Grout is one of the toughest things to clean at home, as it’s difficult to scour tight spaces. Mind you, a bottle of toilet bowl cleaner could make the job easier. The Delite claims that the liquid will lift up any dirt if you leave it to soak for around 15 minutes. Then, once you wipe down, the grout should look as good as new.
27. Pour cat litter over an oil stain
Let’s be blunt here: driveway oil stains are absolutely horrible. They’re nigh-on impossible to get rid of, too. But if you own a cat, the solution could be sitting in one of your cupboards. Yes, we’re referring to kitty litter. Just scatter the litter over the stain, leave it for a quarter of an hour and then squash it down, Bob Vila’s website recommends. The oil should then be soaked up, and the mark should disappear with a little more elbow grease.
26. Silence squeaky bed frames with candle wax
Got a candle in your house? Well, its wax can actually solve an annoying issue in your bedroom. No, not that… We’re talking about squeaky bed frames, as wax can help snuff out the noise. You just need to smear the stuff across the part of the frame that’s proving a problem. Who knew, right?
25. Clear furniture scratches with toothpaste
It goes without saying that toothpaste is an everyday essential. But did you know that it can help you out in other ways besides the obvious? Apparently, a small dash of the stuff can get rid of scrapes from your wooden furniture after you scrub it into the surface. Yes, really!
24. Identify toilet leaks with Kool-Aid
No matter how good your eyes are, it’s not always easy to identify a toilet leak. But there’s a creative way – not to mention colorful! – way to solve the issue. Grab a Kool-Aid pack from your kitchen and then empty it into the cistern. And if your latrine is leaking, the bowl should show the shade of the drink within half an hour. Just don’t be tempted to fill your cup up and take a swig…
23. Fix nail holes with crayons
If you’re stuck with an unsightly hole after removing a nail from a wall, then a crayon could be just what you need. Yes, you read that right. Scribble over the affected area, and you’ll essentially fill the gap – returning the surface to its original state. Make sure you pick a crayon color that looks like the shade on the wall, though.
22. Silence squeaky doors with mayonnaise
Are squeaky doors leaving you at your wits’ end? Well, Bob Vila’s website has offered up a truly bizarre solution. Once you’ve lifted the pin that holds the hinges together on your door, smother it in mayonnaise. We’re not joking. Then put the pin back in place, and move the door from side to side. You should be greeted with silence. Weird, but it works.
21. Use pencils to fix stuck locks
Sometimes a lock can do its job a little too well – leaving you in a tricky predicament. But instead of getting stressed outside your house, you can solve the problem with a simple trick. According to Daily Army, pencil lead is an excellent lubricant for keys. Scrawl inside the lock with a pencil, then, and you’ll hopefully get that irksome door open at last.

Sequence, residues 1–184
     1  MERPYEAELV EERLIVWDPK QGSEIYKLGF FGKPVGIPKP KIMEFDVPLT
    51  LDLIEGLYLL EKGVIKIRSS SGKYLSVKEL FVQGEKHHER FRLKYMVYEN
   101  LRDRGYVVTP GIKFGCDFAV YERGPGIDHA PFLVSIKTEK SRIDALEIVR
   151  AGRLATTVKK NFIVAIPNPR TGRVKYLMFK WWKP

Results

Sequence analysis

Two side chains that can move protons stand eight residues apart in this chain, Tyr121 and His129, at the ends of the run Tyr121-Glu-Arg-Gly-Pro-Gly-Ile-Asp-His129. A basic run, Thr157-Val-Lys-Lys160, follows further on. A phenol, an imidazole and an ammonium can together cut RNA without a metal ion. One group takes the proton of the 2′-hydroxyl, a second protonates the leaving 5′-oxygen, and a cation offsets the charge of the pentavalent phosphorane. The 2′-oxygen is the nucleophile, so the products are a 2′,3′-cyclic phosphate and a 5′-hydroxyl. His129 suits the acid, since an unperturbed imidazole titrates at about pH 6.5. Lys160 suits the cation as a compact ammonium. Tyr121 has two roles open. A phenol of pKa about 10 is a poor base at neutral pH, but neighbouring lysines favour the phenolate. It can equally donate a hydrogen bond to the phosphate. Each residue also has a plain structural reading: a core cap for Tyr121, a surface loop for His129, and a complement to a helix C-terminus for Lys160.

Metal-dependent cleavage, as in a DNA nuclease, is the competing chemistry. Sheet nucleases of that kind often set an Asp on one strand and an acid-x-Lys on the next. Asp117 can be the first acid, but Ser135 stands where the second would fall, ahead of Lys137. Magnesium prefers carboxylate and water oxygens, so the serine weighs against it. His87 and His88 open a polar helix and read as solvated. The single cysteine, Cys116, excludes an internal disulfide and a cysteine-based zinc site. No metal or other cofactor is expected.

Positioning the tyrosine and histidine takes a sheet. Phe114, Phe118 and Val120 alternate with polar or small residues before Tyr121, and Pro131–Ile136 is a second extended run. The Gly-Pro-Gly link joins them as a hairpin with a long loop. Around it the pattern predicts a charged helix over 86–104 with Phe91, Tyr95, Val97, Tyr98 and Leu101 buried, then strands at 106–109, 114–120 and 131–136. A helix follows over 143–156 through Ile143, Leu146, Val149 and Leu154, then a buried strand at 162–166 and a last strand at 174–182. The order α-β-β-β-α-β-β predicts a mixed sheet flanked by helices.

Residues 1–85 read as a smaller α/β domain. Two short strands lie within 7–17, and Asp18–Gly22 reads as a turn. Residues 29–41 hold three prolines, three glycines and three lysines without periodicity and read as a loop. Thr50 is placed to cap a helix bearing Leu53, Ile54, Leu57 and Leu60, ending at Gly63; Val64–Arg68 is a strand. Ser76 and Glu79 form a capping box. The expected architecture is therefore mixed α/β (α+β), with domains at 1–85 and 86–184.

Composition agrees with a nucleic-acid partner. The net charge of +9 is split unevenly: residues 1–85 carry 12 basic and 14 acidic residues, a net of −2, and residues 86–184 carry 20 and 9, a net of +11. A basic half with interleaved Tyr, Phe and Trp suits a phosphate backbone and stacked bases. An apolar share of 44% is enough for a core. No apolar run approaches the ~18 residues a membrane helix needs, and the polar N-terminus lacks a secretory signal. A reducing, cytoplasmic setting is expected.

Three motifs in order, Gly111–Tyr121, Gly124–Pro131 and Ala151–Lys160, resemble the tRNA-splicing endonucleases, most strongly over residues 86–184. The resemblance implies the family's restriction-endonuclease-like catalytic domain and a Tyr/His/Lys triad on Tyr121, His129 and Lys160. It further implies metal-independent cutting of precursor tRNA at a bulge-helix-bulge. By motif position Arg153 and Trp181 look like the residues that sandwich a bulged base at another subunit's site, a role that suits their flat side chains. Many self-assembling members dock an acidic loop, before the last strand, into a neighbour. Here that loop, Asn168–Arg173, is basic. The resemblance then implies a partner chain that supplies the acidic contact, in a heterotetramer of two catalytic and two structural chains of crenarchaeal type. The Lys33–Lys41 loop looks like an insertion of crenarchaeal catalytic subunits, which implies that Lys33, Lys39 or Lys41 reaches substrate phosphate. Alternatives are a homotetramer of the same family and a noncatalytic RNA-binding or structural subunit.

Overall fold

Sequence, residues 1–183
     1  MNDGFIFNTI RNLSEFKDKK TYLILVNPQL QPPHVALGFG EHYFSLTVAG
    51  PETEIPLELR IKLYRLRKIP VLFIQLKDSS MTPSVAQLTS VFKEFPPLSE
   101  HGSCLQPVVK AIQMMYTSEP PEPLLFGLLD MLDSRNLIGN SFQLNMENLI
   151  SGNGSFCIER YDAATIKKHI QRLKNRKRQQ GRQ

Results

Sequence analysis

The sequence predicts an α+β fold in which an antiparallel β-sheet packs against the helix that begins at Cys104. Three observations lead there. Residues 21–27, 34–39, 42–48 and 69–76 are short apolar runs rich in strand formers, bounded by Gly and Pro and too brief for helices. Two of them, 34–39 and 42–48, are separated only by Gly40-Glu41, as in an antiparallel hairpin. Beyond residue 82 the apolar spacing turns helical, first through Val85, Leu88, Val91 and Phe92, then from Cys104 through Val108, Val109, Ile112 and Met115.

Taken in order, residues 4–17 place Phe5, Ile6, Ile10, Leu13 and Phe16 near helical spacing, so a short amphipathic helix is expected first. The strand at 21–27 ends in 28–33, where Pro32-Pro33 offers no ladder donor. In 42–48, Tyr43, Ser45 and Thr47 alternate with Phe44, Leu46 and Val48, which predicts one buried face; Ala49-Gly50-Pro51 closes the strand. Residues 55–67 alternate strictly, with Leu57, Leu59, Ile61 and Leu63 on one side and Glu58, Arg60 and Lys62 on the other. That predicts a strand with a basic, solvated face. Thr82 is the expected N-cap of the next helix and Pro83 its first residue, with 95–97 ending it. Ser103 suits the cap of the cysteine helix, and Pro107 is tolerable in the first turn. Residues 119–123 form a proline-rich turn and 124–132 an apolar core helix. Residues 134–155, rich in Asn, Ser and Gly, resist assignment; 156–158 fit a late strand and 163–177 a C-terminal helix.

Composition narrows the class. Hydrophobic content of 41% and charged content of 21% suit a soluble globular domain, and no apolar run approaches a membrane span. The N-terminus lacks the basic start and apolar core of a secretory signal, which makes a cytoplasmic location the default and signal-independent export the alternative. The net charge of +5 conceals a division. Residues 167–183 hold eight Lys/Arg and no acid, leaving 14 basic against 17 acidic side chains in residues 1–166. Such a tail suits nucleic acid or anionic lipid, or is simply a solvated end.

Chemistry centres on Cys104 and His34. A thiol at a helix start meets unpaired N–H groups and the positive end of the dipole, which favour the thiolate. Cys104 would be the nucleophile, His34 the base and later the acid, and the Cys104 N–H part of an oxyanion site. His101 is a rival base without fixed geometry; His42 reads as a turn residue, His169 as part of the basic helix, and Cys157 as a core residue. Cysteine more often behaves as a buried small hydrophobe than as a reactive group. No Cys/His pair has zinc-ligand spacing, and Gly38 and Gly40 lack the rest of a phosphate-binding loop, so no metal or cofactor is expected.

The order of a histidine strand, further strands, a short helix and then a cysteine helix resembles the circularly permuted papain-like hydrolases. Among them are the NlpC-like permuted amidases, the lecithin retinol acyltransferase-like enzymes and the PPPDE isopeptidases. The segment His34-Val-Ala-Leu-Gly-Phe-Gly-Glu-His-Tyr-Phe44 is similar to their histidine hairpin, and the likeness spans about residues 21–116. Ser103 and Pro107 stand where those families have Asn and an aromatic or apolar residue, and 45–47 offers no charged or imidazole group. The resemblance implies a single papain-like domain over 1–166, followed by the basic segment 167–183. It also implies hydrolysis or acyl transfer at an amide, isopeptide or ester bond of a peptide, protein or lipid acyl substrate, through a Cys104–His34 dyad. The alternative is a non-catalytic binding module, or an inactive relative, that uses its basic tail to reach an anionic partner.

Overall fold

20. Unclog a toilet with dish soap
Unblocking the toilet is an unenviable task at the best of times, but you can fix the issue without the aid of a plunger. Apparently, all you need is some dish soap. Just douse the bowl with the liquid, and then wait for around half an hour. After that, add a bit of warm water to the mix. This blend should grease up the blockage and clear the pipes.
19. Use a potato to unscrew broken light bulbs
When a light bulb shatters in its holder, it’s a total pain – sometimes literally. So, how can you avoid cutting your hand during the clean-up? Grab a potato from the kitchen, and carve it in two. Then press the softer section over the glass shards to collect them up before dropping everything in the trash. Who knew taters were good for more than just eating?
18. Stop tapping fan chains with tubing
Sure, ceiling fans are an absolute must during the summer. But like any device around the home, they can soon play up. That cooling breeze can cause the fan’s chain to make an annoying tapping sound, for one. But don’t sit there getting slowly more irritated. Simply wrap the chain in tubing before switching the fan on, and you can bask in glorious silence again.
17. Fix carpet dents with ice cubes
If you’ve stuck with the same carpet for years, there’s a good chance that it’ll have picked up a few dents. Don’t worry, though, as you can smooth these out with ice cubes. The water soaks into the surface of the carpet, expanding the flattened fiber. And before you know it, the little dips will completely disappear.
16. Unblock drains with zip ties
This may sound like a strange question, but bear with us: do you have any zip ties around the house? Well, if the answer is yes, keep this tip in mind the next time your drain becomes blocked. Collect together a bunch of ties before snipping their ends into points. Then put the ties down the drain, move them around a bit, and voilà! Your obstruction should be dislodged.
15. Fix rug snags with scissors and glue